“I was ready to run fast and was happy to do that and to win,” said the world indoor silver medallist. “Some work needs to be done before the World Championships, but I will work hard to be in better shape there.

“Last year I was sick and couldn't race here, so it was even more special here tonight, as being the first Norwegian to win the Dream Mile. Doing things nobody else has done before is really great.”

Seyaum and Bekele lead Ethiopian 5000m sweeps

Dawit Seyaum may be new to the 5000m, but the former 1500m specialist looked anything but inexperienced as she outkicked her fellow Ethiopians to win a high-quality race.

The opening pace was steady, the first 1000m covered in 2:53.83 and 2000m reached in 5:52.33. Versatile Norwegian runner Karoline Bjerkeli Grovdal then took up the pace in the second half and passed through 3000m in 8:48.65, leading a large lead pack. Grovdal held on to that lead for another 1500 metres, but then Seyaum and compatriots Letesenbet Gidey, Gudaf Tsegay and Almaz Ayana started battling for the lead with one lap to go.

Ayana’s challenge soon faded, leaving Seyaum, Tsegay and Gidey out in front. Seyaum’s kick down the home straight was enough to break free from Tsegay and she won in 14:25.84. Tsegay, the Olympic bronze medallist at this distance, was second in 14:26.69 while world record-holder Gidey was third in 14:26.92. Grovdal held on to fourth place in a Norwegian record of 14:31.07 and USA’s Alicia Monson was fifth in a big PB of 14:31.11.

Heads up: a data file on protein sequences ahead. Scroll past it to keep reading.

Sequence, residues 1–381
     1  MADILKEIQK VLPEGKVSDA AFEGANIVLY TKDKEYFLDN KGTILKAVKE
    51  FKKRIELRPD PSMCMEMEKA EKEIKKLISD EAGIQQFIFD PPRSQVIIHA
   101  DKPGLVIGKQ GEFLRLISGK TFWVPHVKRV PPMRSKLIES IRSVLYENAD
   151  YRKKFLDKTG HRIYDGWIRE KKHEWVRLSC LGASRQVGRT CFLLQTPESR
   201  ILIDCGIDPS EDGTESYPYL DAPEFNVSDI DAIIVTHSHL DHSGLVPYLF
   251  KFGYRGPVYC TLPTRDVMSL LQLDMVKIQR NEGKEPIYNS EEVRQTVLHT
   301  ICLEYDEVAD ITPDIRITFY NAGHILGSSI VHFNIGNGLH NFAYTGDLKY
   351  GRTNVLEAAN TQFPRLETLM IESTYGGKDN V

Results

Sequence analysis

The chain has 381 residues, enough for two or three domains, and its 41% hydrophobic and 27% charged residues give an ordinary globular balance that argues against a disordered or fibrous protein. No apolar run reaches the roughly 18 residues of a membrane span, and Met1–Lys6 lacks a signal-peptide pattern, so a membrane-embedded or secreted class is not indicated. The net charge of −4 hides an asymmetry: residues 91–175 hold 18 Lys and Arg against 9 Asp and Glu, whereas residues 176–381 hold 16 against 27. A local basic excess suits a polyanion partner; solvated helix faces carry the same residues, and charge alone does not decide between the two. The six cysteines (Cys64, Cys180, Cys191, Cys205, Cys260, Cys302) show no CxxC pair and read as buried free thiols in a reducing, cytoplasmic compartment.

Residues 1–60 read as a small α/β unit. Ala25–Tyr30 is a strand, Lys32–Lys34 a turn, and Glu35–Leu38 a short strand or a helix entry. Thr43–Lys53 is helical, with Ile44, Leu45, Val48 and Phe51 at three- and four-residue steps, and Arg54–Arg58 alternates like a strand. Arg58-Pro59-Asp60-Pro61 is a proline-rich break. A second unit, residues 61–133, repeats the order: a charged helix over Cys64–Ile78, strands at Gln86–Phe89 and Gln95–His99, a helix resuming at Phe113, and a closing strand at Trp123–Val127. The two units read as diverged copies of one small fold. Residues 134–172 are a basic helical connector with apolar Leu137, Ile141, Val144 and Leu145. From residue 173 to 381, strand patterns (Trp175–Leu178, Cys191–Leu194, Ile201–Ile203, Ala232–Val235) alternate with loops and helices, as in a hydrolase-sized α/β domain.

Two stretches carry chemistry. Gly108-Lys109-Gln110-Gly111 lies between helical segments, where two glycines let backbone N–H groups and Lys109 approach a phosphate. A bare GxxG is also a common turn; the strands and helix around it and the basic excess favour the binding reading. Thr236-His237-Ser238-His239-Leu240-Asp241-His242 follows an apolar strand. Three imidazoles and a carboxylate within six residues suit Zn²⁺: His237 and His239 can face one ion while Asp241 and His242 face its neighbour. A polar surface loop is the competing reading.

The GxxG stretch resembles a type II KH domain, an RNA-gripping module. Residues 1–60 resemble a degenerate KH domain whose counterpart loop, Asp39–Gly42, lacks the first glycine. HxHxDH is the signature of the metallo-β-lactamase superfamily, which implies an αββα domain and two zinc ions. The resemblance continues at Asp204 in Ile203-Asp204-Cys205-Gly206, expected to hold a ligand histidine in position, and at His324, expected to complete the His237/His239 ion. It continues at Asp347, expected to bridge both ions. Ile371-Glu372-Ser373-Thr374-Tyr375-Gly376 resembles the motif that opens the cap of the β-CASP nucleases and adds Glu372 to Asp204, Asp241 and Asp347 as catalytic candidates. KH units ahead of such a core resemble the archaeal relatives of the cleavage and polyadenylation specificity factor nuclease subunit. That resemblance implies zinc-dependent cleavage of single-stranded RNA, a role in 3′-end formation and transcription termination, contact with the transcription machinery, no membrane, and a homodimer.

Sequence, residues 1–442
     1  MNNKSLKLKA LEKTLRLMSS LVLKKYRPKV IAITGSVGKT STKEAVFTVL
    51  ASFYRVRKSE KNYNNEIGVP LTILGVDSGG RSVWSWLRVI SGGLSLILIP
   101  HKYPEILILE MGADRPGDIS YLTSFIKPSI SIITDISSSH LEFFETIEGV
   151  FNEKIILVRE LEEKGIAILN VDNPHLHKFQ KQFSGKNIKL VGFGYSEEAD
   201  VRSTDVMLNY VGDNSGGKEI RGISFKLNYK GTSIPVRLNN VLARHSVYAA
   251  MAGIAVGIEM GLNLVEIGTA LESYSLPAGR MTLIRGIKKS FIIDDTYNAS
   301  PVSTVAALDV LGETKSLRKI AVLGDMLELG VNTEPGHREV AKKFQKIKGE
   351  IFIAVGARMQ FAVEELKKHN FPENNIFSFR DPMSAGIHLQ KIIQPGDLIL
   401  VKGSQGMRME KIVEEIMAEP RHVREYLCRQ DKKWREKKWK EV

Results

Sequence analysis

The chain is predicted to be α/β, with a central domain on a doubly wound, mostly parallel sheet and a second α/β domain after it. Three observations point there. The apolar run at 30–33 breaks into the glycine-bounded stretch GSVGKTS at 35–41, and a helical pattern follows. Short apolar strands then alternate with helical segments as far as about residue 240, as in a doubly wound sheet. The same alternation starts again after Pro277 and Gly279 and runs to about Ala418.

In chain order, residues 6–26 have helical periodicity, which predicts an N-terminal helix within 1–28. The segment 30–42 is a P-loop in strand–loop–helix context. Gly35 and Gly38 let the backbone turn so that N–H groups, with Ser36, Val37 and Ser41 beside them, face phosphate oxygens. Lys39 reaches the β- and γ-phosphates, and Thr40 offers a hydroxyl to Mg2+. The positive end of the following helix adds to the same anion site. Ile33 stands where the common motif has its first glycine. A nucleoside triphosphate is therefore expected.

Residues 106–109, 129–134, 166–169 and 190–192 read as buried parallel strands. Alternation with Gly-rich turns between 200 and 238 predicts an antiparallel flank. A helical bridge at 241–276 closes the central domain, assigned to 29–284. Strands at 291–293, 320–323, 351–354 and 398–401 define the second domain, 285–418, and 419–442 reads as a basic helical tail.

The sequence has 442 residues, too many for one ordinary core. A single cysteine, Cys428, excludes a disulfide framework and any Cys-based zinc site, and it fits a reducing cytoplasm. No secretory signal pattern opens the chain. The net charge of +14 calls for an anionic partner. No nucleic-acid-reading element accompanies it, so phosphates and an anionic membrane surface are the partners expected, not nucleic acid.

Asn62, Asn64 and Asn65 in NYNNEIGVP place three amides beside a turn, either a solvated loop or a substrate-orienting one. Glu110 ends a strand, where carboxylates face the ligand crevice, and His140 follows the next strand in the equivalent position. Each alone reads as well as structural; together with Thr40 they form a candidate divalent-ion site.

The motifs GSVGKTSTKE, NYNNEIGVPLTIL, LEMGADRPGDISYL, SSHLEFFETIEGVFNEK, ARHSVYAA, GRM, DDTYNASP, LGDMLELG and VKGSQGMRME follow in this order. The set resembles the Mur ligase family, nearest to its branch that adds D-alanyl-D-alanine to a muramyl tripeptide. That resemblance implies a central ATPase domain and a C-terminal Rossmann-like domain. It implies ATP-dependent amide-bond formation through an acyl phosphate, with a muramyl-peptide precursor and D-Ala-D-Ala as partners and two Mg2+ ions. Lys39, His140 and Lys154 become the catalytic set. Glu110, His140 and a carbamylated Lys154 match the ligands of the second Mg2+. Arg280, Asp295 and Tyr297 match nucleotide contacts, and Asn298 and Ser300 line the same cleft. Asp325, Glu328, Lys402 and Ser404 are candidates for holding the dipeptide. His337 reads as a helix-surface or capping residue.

(Second photo)Dawit Seyaum celebrates her 5000m win at the Wanda Diamond League in Oslo 

For just the second time in history, seven women finished inside 14:35 and eight women finished inside 14:40.

There was another Ethiopian 1-2-3 in the men’s 5000m, though this time the 1500m standout was beaten by the 5000m specialist.

The pace was steady though never blazing quick, meaning most of the field was still in contention at the business end of the race. Two-time world indoor champion Samuel Tefera led at 3000m, passing in 7:54.39, but then sat back in the pack to save his legs for a potential fast finish.

He made his way back to the front of the pack in the closing stages, but could not get on level terms with Bekele, who kicked ahead and won in 13:03.51. Tefera held on for second in 13:04.35, just ahead of compatriot Getnet Wale (13:04.48).

Keely Hodgkinson won the battle of the Brits over 800m, getting the better of fellow Olympic silver medallist Laura Muir.

The 20-year-old ran a controlled and assured race and kept her cool in the closing stages to win comfortably in 1:57.71. Muir was second in 1:58.09, ahead of France’s Renelle Lamote (1:58.50) and world champion Halimah Nakaayi of Uganda (1:58.68).

 

(06/17/2022) Views: 1,114 ⚡AMP
by World Athletics
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Jake Wightman will lead strong 1500m line-up at Müller Indoor Grand Prix

Birmingham event on February 19 features Wightman, Neil Gourley, Piers Copeland, Charlie Da’Vall Grice and more

Olympic finalist Jake Wightman leads a strong British contingent in the men’s 1500m at the Müller Indoor Grand Prix – a World Athletics Indoor Tour Gold meeting – at the Utilita Arena in Birmingham on Saturday February 19.